Crash.Net MotoGP News
EXCLUSIVE Michael Laverty - Q&A
22 May 2013
By Christian Tiburtius
An exclusive interview with MotoGP rookie Michael Laverty, who races the brand-new PBM motorcycle for the Paul Bird Motorsport team.
The 31-year-old Ulsterman, who moved to MotoGP straight from BSB, is currently fifth out of twelve riders in the privateer CRT standings...
How did it come about that we have three Laverty brothers in racing?
Our father was a road racer and as a family we've always been into bikes. As kids we had motocross bikes, we didn't see it as a career choice but just raced each other around the fields at home.
Our father never pushed us into racing; we got into it via some local friends who went motocross racing. As I said, it was never a career plan, it was just a passion we had from an early age that we were born into via our father. Our father retired when our older sister was born and we took it from there.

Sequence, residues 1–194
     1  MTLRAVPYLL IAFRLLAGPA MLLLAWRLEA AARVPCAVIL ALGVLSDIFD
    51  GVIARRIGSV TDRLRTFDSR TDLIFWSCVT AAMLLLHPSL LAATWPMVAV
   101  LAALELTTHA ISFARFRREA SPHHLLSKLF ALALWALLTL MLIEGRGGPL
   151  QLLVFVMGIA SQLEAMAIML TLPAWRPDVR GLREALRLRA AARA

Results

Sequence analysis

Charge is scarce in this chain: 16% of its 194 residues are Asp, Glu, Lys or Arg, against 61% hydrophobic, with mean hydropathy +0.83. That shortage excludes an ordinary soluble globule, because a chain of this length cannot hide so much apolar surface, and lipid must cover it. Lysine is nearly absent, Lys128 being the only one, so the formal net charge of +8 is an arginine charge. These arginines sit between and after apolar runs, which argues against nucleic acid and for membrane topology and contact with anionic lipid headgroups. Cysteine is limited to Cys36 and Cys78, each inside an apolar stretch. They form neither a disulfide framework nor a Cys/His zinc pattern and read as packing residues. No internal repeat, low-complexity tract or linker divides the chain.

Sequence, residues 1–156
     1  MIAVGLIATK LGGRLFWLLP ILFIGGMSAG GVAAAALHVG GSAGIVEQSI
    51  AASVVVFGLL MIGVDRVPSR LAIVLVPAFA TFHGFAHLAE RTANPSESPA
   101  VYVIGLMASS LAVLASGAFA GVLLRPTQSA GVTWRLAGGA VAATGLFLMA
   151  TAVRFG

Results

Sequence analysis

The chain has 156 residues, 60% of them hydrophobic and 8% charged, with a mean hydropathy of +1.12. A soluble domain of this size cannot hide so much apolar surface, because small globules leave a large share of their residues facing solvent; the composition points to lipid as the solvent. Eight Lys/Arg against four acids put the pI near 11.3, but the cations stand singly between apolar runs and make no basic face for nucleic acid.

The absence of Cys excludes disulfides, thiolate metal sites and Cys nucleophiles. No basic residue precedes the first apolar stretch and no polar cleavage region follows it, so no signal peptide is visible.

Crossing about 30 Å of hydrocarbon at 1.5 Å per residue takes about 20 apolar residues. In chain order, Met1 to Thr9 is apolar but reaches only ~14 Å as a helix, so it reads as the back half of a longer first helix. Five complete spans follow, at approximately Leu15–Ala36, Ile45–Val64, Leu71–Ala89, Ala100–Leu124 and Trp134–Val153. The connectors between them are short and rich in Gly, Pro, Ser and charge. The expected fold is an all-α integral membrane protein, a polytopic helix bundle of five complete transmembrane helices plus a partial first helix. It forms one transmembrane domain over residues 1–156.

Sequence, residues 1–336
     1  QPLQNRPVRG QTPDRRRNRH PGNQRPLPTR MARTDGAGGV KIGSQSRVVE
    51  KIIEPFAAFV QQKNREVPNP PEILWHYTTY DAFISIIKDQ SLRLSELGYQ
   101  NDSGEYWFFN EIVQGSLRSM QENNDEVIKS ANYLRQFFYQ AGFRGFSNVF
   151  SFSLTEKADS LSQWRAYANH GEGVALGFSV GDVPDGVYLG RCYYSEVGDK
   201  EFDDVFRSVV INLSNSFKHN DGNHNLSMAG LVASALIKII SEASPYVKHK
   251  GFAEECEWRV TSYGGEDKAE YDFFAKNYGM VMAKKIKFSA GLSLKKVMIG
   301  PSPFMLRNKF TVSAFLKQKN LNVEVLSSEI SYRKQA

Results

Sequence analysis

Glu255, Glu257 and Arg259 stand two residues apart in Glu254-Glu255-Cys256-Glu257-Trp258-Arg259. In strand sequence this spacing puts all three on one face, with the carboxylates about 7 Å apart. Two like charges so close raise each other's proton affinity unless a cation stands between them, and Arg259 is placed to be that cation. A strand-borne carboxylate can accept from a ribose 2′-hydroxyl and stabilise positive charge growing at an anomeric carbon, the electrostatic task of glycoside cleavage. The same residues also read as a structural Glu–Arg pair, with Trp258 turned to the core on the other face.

Our father had been through the road racing scene and was happy and lucky to walk out of it alive. So he didn't want us to go down that route so he took us straight to the mainland British championship to learn our trade.
We all started in the 125GP series on proper race circuits like Brands Hatch rather than being sucked in by the road-racing scene which was even bigger then when people like Joey Dunlop were around. It was quite a strange thing at that time to be brought up in Northern Ireland and not to go road racing, but we decided to do our own thing and it's worked out fine in the end.
Our father was very conscious of the danger of road racing and didn't want us doing it. Both my father and mother have put a huge amount into our career often driving us overnight after school on Friday to race and then back again in time for school on Monday, so even if we wanted to do a road race we wouldn't do it on principle because of the effort they made to get us out of that scene.
On Friday we would load the transporter with our 125s and together with my brothers, my parents and my brother-in-law Philip drive to the circuits. Philip was just a friend who was our spanner man, but is now Eugene's chief technician in WSBK and is probably one of the best technicians in the paddock. He also grew up with us and we learned our trade together.